Refs are letting stuff run with the wind in one period, then suddenly tightening down the storm sail and sending the entire crew below decks a few minutes later.
Players are left guessing, sometimes from the dressing room after banishment.
What looked to be a minor infraction from Pittsburgh’s Craig Adams turned into a game misconduct. About a dozen opinions we’ve heard firsthand from active players and coaches who saw Alex Ovechkin’s shove on Brian Campbell didn’t think it merited a game misconduct, but now Ovechkin is serving his second two-game suspension of the season.
Speaking of two-game suspensions, Matt Cooke (and his two bans in the last 14 months for head hits) comes to Boston on Thursday.
The old-school way would have been to exact (or extract) a tooth for a tooth. But since Campbell himself may be at the game Thursday with the NHL’s equivalent of an electron microscope directed at everything the Bruins do, the B’s had better make sure they don’t even exhale bad breath at the Penguins.
"Number 17, Boston. Two minutes for halitosis and a game misconduct."
Was I over the top, too strong verbally when I was lathered and blathering during a talk show about the what-if of appropriate revenge when I said that you’d have to take nine teeth out of Sidney Crosby’s face to get someone’s attention rather than going after Cooke? Yes. My bad. Was I attempting to sell tickets or to incite a riot at TD Garden on Thursday? No. I’m sorry for rigging the lights for that sideshow. Consider this a formal apology (one I already have extended to Crosby through the Pittsburgh organization).
I don’t want Crosby hurt. He is the most exciting, most complete, and best leader-by-example player in the NHL. He puts people in the seats and on couches in front of TVs. He is, indirectly, helping me pay to put my son through college.
No one who has seen Sidney Crosby play would want him carried off the ice on a stretcher. OK, I guess we’ll have to make an exception in Steve Downie’s case.
For the Bruins to injure Crosby in response to the Cooke/Savard incident would be a beastly message-sending tactic. To see it attempted, though, shouldn’t shock anyone who has watched the NHL’s teams try to stand up for themselves when they perceive that the league (either refs in the games or administrators after the games) is not standing up for them.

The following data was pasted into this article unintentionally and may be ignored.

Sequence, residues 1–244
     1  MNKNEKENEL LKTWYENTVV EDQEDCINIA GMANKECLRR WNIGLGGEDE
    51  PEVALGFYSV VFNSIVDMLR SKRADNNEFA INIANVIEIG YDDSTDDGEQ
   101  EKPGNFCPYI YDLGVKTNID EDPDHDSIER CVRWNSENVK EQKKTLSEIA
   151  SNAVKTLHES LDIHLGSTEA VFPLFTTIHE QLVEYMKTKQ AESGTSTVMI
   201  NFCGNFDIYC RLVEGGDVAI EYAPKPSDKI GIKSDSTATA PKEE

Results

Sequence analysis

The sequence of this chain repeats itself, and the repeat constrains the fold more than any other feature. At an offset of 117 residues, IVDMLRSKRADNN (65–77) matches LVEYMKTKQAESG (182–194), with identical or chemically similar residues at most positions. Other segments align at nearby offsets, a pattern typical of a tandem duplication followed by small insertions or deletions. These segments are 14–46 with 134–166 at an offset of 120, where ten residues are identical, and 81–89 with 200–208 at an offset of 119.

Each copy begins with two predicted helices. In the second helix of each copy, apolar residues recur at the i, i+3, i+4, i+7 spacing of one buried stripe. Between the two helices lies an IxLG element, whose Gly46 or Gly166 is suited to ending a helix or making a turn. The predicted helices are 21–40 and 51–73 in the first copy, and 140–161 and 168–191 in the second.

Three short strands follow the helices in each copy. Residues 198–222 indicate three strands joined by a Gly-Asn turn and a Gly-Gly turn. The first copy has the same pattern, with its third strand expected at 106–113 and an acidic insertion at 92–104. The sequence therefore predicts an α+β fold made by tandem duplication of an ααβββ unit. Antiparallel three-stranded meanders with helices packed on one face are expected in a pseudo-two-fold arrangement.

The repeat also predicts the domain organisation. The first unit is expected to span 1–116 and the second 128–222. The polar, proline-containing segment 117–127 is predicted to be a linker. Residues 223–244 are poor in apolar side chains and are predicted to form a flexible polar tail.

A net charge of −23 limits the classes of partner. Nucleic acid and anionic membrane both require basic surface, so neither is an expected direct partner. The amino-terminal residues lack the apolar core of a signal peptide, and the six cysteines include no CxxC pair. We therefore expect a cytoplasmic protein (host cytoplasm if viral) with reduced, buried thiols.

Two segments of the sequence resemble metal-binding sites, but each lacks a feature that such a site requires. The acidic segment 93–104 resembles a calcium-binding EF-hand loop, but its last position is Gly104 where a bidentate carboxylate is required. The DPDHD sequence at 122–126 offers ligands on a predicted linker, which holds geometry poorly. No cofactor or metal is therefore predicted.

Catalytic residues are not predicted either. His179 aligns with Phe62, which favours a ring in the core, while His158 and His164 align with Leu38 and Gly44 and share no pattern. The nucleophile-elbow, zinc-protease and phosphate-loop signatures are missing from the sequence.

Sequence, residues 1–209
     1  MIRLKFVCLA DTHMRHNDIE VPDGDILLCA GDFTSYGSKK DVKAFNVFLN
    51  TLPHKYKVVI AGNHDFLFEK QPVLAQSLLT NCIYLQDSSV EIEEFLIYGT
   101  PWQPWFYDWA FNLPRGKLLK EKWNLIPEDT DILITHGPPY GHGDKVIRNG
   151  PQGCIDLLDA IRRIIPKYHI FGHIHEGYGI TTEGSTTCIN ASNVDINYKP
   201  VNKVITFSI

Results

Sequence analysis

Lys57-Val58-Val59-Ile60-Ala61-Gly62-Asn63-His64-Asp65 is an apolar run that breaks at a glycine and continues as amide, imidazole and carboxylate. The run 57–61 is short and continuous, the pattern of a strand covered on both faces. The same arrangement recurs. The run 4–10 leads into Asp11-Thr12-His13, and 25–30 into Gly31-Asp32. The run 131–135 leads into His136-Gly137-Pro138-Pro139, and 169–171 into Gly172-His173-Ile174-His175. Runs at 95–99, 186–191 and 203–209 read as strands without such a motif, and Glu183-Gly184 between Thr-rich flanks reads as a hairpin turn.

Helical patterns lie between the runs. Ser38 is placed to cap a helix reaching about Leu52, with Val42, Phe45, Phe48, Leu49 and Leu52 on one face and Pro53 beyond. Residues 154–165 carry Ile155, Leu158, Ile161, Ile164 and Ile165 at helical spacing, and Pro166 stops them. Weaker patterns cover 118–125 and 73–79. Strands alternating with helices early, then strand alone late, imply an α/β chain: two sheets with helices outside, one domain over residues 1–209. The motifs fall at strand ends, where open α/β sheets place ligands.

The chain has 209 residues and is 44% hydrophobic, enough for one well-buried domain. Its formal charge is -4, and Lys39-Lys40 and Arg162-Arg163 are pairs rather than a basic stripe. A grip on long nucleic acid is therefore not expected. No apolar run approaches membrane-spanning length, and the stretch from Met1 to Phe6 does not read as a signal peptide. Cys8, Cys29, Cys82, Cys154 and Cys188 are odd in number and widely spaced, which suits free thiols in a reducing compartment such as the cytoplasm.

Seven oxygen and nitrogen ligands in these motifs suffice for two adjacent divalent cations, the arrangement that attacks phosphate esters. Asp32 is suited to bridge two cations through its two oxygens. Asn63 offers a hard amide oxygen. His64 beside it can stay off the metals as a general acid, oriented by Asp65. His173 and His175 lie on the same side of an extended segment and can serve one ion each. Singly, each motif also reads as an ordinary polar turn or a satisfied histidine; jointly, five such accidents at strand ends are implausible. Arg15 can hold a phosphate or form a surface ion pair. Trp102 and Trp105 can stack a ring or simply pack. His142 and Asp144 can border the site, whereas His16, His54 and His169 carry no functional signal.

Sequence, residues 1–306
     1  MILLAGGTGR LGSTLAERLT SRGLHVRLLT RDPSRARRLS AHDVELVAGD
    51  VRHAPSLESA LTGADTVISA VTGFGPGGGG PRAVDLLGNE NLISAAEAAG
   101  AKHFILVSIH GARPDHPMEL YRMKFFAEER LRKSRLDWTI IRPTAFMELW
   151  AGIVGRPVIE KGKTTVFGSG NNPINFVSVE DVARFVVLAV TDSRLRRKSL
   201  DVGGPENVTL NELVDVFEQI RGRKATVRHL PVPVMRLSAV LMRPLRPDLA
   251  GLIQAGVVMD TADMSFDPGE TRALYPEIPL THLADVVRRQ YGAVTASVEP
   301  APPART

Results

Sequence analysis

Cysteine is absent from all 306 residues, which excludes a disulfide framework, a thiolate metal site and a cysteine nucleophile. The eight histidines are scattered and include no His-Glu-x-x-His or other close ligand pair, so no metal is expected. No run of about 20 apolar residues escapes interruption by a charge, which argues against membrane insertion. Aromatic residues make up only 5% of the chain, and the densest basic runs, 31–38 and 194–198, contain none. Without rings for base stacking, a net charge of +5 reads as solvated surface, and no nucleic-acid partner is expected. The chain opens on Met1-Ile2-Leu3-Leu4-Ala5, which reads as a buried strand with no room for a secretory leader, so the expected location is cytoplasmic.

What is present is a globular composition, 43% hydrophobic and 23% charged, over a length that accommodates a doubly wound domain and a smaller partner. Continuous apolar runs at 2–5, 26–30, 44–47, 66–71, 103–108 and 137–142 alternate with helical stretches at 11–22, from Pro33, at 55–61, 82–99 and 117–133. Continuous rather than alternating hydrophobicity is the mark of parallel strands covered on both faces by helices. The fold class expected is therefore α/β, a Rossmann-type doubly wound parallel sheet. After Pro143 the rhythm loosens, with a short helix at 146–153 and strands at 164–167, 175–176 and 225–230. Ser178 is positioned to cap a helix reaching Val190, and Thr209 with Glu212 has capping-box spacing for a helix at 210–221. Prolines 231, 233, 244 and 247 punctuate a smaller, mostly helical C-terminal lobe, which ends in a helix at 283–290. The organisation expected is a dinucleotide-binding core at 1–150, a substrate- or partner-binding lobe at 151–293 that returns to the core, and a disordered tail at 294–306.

And that’s where the recently expanding cloud bank has created a gray area that is pushing the game backward.
At this writing, Steven Stamkos of the Tampa Bay Lightning is leading the NHL in power-play goals. He and Martin St. Louis (outspoken that Cooke should have been suspended) are keeping the Bolts’ playoff hopes alive. Here’s the video of what happened right after Stamkos got drilled, legally, in the game against (ahem) Pittsburgh the other night:
Now, do you think Downie did what he did because some play-by-play guy got loquacious on a talk show? To recall one of John McEnroe’s greatest rants, "You have got to be kidding me!"
It sure looks as if it’s a cheap-shot hit by a cheap-shot player, answering a hit on Stamkos with a chop job on Crosby. Instantaneous, disproportionate revenge. It's beyond nasty. It’s bad for the game.
But that’s the poisonous environment out there. Ugly, unpalatable, hard to sell to the masses, a sure fire-starter on any talk show.
The chance that a Downie-like "run" at Crosby will happen Thursday is quite low, most of all, because the Bruins do not employ players who have the deep character flaws of a guy who seeks out an unsuspecting opponent in order to hit him from behind.
But that doesn’t mean the Bruins are palsy-walsy with the way they have been treated. The NHL abandoned the Bruins in their hour of need. Colin Campbell went through some astounding gyrations to exonerate Matt Cooke. Those contortions came at the expense of justice for Marc Savard and the Bruins.
So in the wake of a ridiculous non-decision decision, unsteady enforcement has sucked out a discipline vacuum that nature abhors. Felons are filling it — shady players who hide in the cracks of the anti-fighting rules. Running around an NHL rink near you: scum that used to get scraped out by policemen now classified as "instigators."
NHL administrators have spouted for a long time that players don’t respect each other. It’s the opinion here that the vast majority of NHL players do respect each other.
The problem right now is that they may not respect the job being done by NHL administrators.